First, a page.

Woongarra Motel | Located in North Haven, just minutes from the beach and directly opposite the river, Woongarra is a well-rated option on the northern end of Crowdy Bay National Park. Check rates and availability here.
Harrington Village Motel | This run-of-the-mill small-town motel is reasonably priced and located right on the main road in town. A decent budget option with simple rooms and a kitchenette. Check rates and availability here.
There is no drinking water available within the national park so you’ll either need to bring in extra water with you or some way to purify the water provided.
I bought a large drum of tap water up from Sydney but purifying your water using Aquatabs or a Steripen could also work as there are several taps priovided in the park.
Between Crowdy Head and Dunbogan, there’s a gravel road that runs parallel to the beach and, in short, it’s in pretty terrible condition.
While it has clearly been graded at some point and is flat with no large rocks to contend with, some sections are so riddled with potholes that it becomes a matter of choosing which ones to drive through as they’re impossible to avoid altogether.
The worst section is between Crowdy Head and the Kylie’s Road intersection which can be pretty slow going, while the section between Diamond Head and Dunbogan is actually reasonably good.
If you’re in a large 4WD, this won’t be much of an issue, but if you’re visiting in a smaller car or with a caravan, I’d highly recommend accessing the national park from the north via Dunbogan to avoid the worst of it.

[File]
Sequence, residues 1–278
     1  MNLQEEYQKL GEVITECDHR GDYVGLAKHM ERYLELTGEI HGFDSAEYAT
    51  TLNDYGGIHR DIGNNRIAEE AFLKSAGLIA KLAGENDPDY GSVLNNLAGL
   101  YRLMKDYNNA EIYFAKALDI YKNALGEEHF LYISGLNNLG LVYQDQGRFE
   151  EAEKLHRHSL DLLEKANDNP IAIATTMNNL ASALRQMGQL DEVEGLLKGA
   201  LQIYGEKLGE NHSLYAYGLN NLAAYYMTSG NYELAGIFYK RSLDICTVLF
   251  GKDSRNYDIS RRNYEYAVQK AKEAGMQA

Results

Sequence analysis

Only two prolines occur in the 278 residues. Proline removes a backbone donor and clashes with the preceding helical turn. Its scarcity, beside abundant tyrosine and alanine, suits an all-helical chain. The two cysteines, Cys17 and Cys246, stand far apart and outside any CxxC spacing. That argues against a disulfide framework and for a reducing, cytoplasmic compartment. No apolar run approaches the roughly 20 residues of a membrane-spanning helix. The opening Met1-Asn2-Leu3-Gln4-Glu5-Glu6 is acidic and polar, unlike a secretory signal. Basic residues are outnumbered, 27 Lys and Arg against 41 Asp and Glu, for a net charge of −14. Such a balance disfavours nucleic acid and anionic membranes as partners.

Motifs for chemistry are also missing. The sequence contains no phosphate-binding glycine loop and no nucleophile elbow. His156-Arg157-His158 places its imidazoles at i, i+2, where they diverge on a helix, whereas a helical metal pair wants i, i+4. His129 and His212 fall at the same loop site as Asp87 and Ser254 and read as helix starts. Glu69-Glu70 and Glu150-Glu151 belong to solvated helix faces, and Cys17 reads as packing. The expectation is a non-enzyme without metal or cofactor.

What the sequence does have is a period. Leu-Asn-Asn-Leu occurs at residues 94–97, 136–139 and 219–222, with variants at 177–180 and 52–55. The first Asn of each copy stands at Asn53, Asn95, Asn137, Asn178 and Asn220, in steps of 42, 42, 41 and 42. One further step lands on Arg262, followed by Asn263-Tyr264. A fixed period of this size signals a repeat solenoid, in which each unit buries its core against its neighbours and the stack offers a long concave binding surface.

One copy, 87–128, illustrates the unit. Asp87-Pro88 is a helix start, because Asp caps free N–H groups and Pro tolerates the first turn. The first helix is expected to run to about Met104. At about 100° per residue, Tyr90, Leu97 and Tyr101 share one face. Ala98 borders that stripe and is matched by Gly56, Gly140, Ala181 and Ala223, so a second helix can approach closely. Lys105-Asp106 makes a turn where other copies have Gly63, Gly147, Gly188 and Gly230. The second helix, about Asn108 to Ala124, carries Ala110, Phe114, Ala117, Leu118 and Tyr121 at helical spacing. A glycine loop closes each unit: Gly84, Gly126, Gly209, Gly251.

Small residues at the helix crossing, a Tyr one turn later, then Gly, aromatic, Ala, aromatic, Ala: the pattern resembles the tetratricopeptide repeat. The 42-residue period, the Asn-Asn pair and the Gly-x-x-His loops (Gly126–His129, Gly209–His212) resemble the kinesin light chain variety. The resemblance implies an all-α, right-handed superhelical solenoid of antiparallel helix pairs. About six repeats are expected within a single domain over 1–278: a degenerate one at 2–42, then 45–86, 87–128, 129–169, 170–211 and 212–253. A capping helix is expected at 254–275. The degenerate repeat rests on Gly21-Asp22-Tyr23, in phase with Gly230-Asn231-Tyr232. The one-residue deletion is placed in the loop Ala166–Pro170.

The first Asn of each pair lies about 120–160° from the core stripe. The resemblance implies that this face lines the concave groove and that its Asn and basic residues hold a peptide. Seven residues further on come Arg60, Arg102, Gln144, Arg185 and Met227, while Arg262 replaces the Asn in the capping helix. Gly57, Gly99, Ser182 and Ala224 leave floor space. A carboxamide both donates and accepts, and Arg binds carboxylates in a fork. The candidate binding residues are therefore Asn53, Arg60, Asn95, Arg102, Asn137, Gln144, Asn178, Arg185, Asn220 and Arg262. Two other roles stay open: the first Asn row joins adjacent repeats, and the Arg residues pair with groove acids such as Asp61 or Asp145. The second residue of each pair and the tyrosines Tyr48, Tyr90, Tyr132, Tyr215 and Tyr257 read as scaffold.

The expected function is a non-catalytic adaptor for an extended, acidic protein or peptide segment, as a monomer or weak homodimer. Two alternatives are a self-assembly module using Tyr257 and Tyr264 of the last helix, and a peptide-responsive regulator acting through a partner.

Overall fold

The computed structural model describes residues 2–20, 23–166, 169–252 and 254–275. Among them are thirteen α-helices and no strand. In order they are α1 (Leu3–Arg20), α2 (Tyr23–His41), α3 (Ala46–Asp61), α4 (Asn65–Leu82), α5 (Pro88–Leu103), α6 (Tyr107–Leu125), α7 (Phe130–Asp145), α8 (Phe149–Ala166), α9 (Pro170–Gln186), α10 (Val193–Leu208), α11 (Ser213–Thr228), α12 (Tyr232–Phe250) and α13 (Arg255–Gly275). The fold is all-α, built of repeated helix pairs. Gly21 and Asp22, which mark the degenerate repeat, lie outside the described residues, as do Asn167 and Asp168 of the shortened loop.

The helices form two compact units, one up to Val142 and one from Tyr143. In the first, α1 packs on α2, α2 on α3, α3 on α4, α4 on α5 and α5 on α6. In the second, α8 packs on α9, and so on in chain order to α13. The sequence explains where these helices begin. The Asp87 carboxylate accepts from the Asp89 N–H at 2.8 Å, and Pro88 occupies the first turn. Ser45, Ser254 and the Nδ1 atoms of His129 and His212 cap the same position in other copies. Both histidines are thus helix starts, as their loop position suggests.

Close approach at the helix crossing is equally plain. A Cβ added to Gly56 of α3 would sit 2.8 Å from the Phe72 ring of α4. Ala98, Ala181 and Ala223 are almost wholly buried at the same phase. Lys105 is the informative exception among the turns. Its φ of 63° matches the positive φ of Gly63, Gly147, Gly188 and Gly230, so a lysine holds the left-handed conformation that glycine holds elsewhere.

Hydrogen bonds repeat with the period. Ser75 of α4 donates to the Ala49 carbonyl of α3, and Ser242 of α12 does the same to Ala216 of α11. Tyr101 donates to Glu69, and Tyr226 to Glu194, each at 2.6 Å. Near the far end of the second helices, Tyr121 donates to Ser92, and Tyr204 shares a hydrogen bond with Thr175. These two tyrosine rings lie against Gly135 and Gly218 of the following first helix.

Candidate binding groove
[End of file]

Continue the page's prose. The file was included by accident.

While mention of the three brothers may evoke the tale of the Deathly Hallows for any diehard Harry Potter fans (me!), instead these brothers indicate the three imposing mountains that rise up from the hinterlands just south of Laurieton. They bear a strong cultural significance and are woven with Dreamtime stories of the local Biripi people.
The legend goes that there were three brothers who took to the bush as part of their initiation. With growing concerns for their parents during their absence, the younger brother travelled back to check on them. While he was away, a witch infiltrated the brother’s camp and killed the two older siblings.
On his return, the youngest brother retaliated with a boomerang gifted to him by his father and split the witch in half. He gathered up the bones of his brothers and buried them before making his way further south where he himself perished.
That night, the mountains rose high above each resting place to mourn the misfortune of these brothers, marking what we now know as North, Middle and South Brother.
For all visits to Crowdy Bay National park, there is a daily entrance fee of $8 in addition to any camping fees.
However, if you love exploring and plan to visit several national parks throughout the year, it’s a far better idea to buy an Annual Multi Parks Pass for $65 which covers all national parks within NSW except for Kosciuszko.